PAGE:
ZoomMeryl Schenker / P-I

Teresa Smith, left, and Amy Wilson, putting on makeup, ride the Elliott Bay Water Taxi to Seattle. Wilson is a regular water taxi commuter. The fare is $3 each way, unless you have a bus pass (as Wilson does), in which case the fare is free.

"I think it was an unfortunate introduction," said Raymond Gach, a systems manager who takes the Sounder Train from Auburn to Seattle every day. "Normally, it's very relaxing and you can have a cup of coffee."

Sound Transit spokeswoman Linda Robson said that even Friday, when ridership is typically lighter, the northbound morning trains were carrying far more people than usual.

Rail choices will expand this fall, she said, when Sounder plans to introduce two more trains between Seattle and Tacoma, including one that serves a reverse commute. One additional train will go to Everett, she said.

People want more transportation options that fit the contours of their daily lives, whether they're commuting or taking kids to the zoo, said Farrell, of the Transportation Choices Coalition.

Ballot measures in November that would fund $47 billion in highway improvements and extending Sound Transit's light rail would go a long way toward fulfilling the region's wish list of megaprojects.

The planning committee for the roads package lists its cost at $7 billion. But the total rises to $16 billion when estimates for construction, inflation, interest and other debt payment costs incurred over 30 years are factored in.

Likewise, Sound Transit states the cost for the projects associated with the fall ballot as $10.8 billion, but the total cost is nearly three times that when building and operating the expanded light rail system are coupled with the financing costs over 50 years.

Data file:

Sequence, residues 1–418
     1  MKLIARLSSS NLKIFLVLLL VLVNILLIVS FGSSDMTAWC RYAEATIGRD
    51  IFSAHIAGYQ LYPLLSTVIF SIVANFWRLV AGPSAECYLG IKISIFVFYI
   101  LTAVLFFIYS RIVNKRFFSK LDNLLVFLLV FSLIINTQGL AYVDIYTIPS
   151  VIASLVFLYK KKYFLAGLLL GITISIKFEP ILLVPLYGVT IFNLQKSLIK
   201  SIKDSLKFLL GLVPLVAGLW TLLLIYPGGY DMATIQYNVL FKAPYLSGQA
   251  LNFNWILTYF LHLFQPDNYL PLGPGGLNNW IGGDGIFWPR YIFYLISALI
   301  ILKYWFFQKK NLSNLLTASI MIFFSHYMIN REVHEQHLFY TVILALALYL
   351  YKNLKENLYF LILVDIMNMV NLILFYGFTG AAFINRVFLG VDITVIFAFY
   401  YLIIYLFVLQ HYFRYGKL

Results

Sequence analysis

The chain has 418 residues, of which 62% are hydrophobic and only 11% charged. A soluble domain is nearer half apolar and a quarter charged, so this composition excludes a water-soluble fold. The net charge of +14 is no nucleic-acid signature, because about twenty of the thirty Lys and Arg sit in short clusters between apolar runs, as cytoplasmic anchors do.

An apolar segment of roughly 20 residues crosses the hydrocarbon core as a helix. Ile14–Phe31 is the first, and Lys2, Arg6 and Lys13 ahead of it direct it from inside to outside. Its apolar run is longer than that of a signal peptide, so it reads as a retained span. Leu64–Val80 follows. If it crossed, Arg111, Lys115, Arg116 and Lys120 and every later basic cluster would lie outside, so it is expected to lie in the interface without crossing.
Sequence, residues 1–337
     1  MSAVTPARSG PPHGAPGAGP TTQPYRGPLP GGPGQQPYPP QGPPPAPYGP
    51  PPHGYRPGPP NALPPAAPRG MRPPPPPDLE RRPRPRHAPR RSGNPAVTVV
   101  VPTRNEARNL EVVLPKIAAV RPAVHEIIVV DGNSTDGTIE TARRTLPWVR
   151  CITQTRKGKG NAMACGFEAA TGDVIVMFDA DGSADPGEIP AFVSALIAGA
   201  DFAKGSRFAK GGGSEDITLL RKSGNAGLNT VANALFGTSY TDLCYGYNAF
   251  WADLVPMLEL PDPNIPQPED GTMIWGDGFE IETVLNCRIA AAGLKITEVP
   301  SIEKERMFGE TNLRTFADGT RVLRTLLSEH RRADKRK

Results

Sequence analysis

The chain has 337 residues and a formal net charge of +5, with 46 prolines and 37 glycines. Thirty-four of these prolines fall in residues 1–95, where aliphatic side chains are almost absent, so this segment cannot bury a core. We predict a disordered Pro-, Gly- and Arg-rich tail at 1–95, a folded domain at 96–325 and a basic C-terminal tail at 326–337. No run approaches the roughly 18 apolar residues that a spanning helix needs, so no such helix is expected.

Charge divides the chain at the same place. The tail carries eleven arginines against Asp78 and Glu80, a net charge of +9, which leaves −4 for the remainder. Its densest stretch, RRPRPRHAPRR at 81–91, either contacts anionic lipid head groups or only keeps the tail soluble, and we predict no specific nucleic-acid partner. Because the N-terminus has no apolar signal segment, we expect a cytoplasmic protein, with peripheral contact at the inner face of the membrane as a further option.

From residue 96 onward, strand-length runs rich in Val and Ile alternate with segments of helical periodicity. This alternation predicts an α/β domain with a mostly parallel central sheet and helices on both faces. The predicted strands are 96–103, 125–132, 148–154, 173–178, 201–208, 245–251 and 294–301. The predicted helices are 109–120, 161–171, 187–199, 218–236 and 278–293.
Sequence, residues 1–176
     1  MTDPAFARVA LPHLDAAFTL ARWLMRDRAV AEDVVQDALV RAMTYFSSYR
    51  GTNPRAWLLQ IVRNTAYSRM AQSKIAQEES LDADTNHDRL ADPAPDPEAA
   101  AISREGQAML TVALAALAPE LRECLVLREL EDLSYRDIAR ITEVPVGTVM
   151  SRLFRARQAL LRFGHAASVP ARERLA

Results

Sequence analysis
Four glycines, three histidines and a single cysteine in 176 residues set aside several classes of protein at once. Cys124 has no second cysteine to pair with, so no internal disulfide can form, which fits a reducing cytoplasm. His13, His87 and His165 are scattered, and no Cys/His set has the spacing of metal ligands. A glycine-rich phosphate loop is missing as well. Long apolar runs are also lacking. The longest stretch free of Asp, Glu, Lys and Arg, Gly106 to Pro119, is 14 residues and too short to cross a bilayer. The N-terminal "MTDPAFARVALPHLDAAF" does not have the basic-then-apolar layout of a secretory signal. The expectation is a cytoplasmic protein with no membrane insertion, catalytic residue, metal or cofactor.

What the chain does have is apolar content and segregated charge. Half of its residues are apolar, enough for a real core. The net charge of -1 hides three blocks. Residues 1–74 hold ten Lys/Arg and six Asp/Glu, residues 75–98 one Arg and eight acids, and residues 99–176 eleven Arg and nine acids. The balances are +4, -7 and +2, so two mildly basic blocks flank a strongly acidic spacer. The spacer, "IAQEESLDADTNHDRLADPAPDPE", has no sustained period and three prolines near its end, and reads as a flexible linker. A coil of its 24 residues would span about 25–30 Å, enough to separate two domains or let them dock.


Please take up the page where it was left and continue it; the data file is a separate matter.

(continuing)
It remains to be seen whether a tenuous truce between some roads and rails proponents will fracture, or whether voters will raise taxes for it. Both measures must pass for either to succeed.

The Metro bus expansion approved by voters last year will help with some problems, such as lack of frequency and spotty mid-day service on certain routes.

But experts say it's also important to study the fine grain of how people commute, shop, play, pray and recreate around the region, in order to offer smaller, more surgical solutions.

Those could include making it easier for people to find spontaneous ride-shares online, tailoring employer contributions or introducing people to neighbors who work in other small businesses on the same block.

"We know this is temporary," Farrell said of the I-5 closures. "We need to make really serious investments in transit to make it work permanently, not just for commuters but for families."